Prime Minister Scott Morrison today said Australia had long been concerned about the threat of COVID-19 to the region and “the challenge was always going to be too great for Papua New Guinea”.
“The escalation of issues with the virus in Papua New Guinea presents very real risks to Australia, as well,” Morrison said outside parliament.
As Australia prepares to rush vaccines, medical supplies and even clinicians to its closest neighbour, while at the same time tightening the border, the scale of the Papua New Guinea epidemic is still unclear.
Chief Medical Officer Paul Kelly today said half of the tests conducted at the Ok Tedi mine came back positive, as did tests on half of the pregnant women going to hospital in Port Moresby to give birth. Many health workers had also tested positive.
Since March 15, Queensland has also detected COVID-19 in 32 travellers from Papua New Guinea, who were then transferred into the state’s hospital system. Another two are believed to have been detected overnight.
“These are all signs that there is a major epidemic in the community,” Kelly said.
Kelly conceded any official figures on the number of cases or deaths would be “a major underestimate” as Papua New Guinea lacked the resources to conduct widespread testing.
Federal Health Minister Greg Hunt had earlier described the situation as a “clear and present danger”.
After talks with Papua New Guinea Prime Minister James Marape, and Queensland Premier Annastacia Palaszczuk, Morrison announced Australia would send 8,000 doses of its vaccine supplies to ensure Papua New Guinea health workers could be protected sooner. He has also asked AstraZeneca and the European Union to release one million doses of Australia’s contracted supplies to be sent to Papua New Guinea, and for Australia’s diplomatic partners to assist where possible.
Direct flights into Cairns will be suspended for a fortnight, passenger caps for flights into other Australian cities will be reduced by a quarter, with fewer exemptions for outbound travellers. Fly-in, fly-out operations have also been grounded, and there will be enhanced screening and surveillance for the foreseeable future.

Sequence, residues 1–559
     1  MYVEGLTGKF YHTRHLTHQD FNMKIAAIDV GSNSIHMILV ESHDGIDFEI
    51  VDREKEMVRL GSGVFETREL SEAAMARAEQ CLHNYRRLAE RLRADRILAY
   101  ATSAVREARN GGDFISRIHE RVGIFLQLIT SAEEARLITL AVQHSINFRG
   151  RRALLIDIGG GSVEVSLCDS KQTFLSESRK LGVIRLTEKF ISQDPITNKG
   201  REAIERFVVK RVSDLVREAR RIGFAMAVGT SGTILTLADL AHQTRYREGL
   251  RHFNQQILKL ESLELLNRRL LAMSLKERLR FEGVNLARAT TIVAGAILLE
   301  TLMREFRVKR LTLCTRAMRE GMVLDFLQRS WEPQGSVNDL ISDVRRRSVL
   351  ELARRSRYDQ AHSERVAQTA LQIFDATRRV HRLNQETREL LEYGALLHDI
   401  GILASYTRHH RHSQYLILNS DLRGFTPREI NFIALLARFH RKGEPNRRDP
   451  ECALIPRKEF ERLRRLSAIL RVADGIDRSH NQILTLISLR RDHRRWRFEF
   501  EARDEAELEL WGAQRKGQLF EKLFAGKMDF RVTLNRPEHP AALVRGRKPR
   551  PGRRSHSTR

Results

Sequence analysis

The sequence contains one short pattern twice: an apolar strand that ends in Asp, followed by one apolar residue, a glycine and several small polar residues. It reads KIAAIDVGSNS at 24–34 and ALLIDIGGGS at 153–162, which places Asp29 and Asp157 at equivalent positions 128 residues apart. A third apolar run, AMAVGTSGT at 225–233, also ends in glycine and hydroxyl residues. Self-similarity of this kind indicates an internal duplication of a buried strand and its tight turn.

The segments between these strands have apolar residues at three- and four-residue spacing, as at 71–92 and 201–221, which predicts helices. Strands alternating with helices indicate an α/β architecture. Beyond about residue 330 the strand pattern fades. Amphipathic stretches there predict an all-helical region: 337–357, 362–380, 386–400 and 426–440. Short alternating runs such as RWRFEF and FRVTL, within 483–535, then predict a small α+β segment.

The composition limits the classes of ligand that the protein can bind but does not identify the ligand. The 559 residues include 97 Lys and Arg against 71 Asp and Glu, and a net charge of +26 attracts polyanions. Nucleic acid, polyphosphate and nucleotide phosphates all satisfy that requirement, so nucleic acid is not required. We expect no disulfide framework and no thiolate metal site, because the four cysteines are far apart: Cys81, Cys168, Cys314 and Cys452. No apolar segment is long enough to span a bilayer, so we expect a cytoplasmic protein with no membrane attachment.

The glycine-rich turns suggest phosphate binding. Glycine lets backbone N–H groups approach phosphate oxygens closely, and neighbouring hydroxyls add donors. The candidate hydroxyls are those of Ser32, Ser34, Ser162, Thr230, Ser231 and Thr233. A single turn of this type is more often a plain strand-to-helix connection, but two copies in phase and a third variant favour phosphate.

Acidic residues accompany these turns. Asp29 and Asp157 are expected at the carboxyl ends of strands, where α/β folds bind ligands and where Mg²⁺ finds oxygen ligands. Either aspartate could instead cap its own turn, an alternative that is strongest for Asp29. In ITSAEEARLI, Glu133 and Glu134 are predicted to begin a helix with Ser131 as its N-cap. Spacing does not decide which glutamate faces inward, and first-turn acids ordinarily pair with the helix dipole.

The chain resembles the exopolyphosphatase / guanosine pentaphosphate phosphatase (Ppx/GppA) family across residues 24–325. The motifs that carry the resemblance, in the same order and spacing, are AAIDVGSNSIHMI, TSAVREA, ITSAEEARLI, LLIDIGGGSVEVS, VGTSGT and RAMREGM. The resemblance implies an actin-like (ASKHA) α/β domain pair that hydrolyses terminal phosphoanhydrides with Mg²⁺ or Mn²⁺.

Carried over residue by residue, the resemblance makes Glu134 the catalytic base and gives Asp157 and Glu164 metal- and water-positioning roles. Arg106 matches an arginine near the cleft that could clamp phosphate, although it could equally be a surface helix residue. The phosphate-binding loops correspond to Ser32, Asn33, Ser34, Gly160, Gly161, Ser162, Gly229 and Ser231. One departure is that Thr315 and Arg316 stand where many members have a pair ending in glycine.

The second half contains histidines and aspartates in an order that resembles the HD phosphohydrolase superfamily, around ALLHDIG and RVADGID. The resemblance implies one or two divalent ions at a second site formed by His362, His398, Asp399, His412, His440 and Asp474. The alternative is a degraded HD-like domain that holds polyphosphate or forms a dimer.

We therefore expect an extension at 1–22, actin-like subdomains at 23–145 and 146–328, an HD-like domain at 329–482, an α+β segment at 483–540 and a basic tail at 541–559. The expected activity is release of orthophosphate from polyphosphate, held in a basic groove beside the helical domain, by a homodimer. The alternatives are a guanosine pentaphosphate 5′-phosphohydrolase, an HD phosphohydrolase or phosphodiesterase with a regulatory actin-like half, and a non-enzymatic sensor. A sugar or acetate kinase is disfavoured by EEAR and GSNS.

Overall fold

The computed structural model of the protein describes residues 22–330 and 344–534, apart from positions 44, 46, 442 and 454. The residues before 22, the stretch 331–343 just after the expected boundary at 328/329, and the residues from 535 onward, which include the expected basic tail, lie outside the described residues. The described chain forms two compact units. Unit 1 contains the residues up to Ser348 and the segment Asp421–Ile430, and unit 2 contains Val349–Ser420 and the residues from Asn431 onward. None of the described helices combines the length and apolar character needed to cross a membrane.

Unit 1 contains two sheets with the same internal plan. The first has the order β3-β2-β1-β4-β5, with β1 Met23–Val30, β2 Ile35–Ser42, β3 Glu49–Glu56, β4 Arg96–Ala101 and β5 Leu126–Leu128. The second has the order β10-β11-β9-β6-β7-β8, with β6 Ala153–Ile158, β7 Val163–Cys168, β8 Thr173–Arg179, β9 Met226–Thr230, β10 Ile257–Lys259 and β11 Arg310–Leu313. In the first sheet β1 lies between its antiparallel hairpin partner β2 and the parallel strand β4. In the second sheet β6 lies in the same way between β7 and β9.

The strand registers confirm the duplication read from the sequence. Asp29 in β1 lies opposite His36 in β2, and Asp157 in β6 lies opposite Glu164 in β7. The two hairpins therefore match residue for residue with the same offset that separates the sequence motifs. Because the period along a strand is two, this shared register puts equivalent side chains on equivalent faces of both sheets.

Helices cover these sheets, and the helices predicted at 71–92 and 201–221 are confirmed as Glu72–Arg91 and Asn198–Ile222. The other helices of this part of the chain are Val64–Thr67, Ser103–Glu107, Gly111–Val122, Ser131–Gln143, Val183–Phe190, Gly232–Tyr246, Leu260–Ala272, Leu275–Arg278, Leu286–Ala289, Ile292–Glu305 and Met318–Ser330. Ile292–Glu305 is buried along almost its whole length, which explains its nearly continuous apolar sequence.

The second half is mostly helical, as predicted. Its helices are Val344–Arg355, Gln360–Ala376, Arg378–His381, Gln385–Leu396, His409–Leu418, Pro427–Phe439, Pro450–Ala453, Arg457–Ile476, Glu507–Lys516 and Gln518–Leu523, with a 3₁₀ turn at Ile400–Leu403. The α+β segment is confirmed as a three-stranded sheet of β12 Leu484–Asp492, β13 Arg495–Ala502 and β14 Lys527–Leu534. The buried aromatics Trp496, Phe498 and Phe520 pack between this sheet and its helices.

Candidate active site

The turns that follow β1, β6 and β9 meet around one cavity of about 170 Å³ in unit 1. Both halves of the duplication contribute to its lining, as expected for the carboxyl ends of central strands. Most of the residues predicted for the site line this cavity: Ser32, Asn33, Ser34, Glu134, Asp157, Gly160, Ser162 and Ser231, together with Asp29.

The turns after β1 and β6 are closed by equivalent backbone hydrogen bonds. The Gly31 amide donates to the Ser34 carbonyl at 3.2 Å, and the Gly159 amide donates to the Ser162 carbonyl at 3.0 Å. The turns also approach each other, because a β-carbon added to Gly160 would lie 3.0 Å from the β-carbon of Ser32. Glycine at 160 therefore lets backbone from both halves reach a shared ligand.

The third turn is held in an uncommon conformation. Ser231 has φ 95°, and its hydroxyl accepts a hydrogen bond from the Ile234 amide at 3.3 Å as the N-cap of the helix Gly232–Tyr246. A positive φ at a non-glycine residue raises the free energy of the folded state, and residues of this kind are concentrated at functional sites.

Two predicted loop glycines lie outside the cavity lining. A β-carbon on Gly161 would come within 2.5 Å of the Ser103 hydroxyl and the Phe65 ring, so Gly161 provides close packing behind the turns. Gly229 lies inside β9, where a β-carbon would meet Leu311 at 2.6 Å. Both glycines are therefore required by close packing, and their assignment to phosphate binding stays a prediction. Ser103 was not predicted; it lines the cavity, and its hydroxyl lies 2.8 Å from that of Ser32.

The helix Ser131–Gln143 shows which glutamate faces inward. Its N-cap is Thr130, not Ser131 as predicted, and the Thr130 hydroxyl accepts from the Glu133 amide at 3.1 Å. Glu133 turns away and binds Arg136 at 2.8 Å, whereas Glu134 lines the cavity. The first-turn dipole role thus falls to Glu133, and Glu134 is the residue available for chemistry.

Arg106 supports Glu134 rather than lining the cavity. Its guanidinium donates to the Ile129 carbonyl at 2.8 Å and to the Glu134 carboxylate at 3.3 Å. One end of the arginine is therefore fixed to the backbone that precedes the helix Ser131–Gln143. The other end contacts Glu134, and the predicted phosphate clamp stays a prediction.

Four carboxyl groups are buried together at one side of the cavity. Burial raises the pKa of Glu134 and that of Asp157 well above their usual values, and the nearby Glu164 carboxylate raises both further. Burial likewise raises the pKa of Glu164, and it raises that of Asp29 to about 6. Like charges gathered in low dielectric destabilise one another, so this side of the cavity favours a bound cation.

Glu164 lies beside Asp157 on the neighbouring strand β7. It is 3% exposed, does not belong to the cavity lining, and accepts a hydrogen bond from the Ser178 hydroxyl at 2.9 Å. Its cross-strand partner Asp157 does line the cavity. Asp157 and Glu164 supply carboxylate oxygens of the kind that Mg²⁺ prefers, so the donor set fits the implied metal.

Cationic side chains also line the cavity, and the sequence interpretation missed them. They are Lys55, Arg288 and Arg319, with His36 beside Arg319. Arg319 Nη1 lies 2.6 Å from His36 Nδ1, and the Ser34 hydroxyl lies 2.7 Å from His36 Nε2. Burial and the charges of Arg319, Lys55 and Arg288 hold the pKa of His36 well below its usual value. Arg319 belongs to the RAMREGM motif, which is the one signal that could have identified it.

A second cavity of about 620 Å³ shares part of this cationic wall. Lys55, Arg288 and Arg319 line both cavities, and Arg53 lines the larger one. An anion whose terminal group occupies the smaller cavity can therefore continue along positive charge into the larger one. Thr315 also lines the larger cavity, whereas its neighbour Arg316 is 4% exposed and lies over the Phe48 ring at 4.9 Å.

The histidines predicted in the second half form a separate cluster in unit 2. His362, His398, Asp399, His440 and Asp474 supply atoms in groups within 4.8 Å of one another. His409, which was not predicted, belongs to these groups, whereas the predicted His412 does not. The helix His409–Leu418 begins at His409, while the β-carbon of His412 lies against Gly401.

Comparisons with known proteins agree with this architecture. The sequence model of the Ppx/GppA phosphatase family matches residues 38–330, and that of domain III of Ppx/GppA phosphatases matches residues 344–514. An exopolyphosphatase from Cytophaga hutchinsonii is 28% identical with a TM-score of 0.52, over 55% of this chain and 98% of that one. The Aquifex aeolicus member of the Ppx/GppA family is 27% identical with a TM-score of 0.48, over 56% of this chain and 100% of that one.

Palaszczuk said the situation in Papua New Guinea was “quite alarming” and she expected Australia’s response to come as a relief to communities on both sides of the border.
”People can rest a lot easier tonight,” Palaszczuk told reporters in Cairns.
A three-member AUSMAT team will arrive in Papua New Guinea next week to make arrangements for a larger clinical care team to assist.
In an extraordinary move, Queensland Health staff already vaccinating communities in the Torres Strait be allowed to cross the border to help treaty villages in Papua New Guinea, although Palaszczuk suggested arrangements had yet to be finalised.
It comes as Queensland’s vaccination program was altered to protect patients, but as a consequence may require additional time, or resources, to complete.
As Queensland continues the rollout of the AstraZeneca vaccine, it has had to take extra precautions with people who have previously had severe allergic reactions. Four people have had adverse reactions to the vaccines over the past 48 hours.
Health Minister Yvette D’Ath said anyone who had severe allergic reactions in the past should delay having vaccinations until the issue was discussed and resolved at a national level. Everyone else will be monitored for longer after their vaccination as a precaution.
Queensland Health Director-General Dr John Wakefield said it was not unexpected and the four people were all treated and allowed to go home “so they’re all safe”.
Wakefield said the “extra blanket of safety” would see people monitored for any reactions for 30 minutes instead of 15 minutes after their injection. It was unclear what impact that would have on the rollout of vaccinations, however national surveillance was already being bolstered.
In the Torres Strait, where vaccinations have been brought forward, Kelly said communities “understand the threat” from Papua New Guinea.
“Over the last couple of weeks, very rapidly the situation has changed in Papua New Guinea,” he said.
“Of the (overall) cases that have been diagnosed in PNG, half of them have been diagnosed in the last couple of weeks.”
Kelly said there was concern the environment could see the virus mutate into a more dangerous “PNG strain” that would further complicate the response.Jump to next article